First of all, your home will appreciate in value and I believe real estate is one of the best investments you will ever make. For example, if you buy a home for $200,000 and it appreciates 5% per year, you will have built up approximately $50,000 equity in 5 years. Also, you need to consider your monetary return on the money you actually invest in the property. Let's say you put zero down then you have made $50,000 on $0 down payment-what a return! Obviously, there are other costs such as repairs and upkeep that you must subtract from the equation but you get the picture.
The interest and real estate tax portion of your mortgage payment may be tax deductible which will give you a lower after-tax payment. Also, currently PMI is tax deductible for new homeowners with adjusted gross income of $100,000 or less. When you purchase a home a mortgage payment may be lower than what you pay for rent. If the mortgage payment is higher it may still make sense to own a home because you should be able to deduct the property taxes and mortgage insurance which may give you a lower net mortgage payment. Try some rent versus own calculations to see if homeownership is right for you. Also, you will be paying down principal on the mortgage which will build up more equity in the home. You need to contact your tax advisor regarding deductibility and potential tax benefits in your particular financial situation.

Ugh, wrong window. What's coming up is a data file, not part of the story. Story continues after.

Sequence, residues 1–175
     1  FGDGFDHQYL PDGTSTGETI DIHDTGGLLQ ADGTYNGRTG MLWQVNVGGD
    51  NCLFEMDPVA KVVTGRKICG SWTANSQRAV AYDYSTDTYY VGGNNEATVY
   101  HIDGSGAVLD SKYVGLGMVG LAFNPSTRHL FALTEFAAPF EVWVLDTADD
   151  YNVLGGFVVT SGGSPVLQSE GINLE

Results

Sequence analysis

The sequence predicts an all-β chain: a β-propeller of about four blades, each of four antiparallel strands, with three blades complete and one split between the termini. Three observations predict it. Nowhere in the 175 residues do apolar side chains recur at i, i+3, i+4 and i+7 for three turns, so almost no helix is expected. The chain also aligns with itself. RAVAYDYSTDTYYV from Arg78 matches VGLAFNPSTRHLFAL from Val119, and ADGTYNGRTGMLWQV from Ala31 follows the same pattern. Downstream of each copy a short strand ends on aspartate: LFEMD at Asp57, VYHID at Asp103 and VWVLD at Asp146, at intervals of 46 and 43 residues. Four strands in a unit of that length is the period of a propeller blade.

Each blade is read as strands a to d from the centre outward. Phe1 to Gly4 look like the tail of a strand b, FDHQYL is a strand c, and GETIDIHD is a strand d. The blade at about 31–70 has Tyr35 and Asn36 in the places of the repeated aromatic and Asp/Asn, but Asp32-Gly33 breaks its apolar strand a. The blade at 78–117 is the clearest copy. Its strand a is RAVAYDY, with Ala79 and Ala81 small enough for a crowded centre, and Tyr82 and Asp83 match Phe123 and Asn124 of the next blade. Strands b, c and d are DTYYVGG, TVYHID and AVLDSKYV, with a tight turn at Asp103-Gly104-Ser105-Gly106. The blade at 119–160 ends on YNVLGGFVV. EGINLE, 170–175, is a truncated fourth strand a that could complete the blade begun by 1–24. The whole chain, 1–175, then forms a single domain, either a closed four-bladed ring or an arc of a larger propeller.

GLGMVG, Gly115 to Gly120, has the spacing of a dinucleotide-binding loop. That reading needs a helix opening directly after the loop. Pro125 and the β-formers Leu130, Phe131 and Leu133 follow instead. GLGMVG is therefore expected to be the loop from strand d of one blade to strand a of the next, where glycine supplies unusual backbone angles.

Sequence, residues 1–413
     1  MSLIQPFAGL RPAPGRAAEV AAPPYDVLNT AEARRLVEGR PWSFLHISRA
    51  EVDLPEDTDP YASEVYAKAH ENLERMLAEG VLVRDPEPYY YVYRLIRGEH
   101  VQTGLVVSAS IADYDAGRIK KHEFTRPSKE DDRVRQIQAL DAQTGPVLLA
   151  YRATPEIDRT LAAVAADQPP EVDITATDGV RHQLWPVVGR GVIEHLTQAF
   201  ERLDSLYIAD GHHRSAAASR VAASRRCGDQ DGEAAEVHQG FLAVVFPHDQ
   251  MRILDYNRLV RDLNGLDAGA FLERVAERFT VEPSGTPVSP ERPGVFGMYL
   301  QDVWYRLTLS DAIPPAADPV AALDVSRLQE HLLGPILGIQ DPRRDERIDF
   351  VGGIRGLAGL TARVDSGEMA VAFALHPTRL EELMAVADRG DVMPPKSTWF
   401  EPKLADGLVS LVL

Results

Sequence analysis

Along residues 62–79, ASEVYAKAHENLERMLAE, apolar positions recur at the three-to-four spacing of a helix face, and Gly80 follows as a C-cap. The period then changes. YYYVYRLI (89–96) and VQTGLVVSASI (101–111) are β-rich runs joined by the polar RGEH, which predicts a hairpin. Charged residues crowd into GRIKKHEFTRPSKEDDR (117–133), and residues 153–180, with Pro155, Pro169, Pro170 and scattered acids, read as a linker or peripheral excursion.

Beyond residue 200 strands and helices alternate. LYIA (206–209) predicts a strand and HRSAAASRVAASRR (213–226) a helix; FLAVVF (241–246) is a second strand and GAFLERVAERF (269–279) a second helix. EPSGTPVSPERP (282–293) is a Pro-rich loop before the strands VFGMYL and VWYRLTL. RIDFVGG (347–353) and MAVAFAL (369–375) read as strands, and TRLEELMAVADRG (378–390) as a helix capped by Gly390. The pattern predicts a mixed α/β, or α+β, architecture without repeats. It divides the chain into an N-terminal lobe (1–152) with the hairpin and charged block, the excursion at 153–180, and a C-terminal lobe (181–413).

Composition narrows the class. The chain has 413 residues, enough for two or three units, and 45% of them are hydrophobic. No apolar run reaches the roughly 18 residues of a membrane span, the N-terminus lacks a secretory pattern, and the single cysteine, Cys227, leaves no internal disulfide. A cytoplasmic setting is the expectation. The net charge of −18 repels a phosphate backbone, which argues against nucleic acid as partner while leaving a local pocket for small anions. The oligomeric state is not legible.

Finally, there is nothing like owning your own home. I started out as a renter, and the thought came to me one day "why am I paying thousands of dollars in rent?" I bought a condo in Chicago and lived there for five years, built up some equity, and then moved to a 3-unit building and I became a landlord and collected rents from other people. Today, I live with my wife and kids in a beautiful single family home and I have my own backyard and garage and nobody tells me what to do. Is this what you want? A first time home buyer needs to start somewhere, and buying a moderately priced condo or starter home might be your best bet. Get pre-approved today!
Rents are skyrocketing across the country and over half the renters are paying over 35% of their income toward rent. Currently, rents are increasing at an average rate of 4% per year compared to home prices which are rising at a rate of 3% per year which means renting is becoming more costly and less affordable. The table below illustrates how much rent you will pay your landlord in 3, 5, and 10 years based on an annual rent increase of 4% per year. The average rent in the United States is about $900 per month and you will notice that in 5 years you will pay your landlord about $60,000 and you will have nothing to show for it. Ouch! I think it is time for you to seriously consider buying a home versus throwing money away on rent. Wouldn't you agree?
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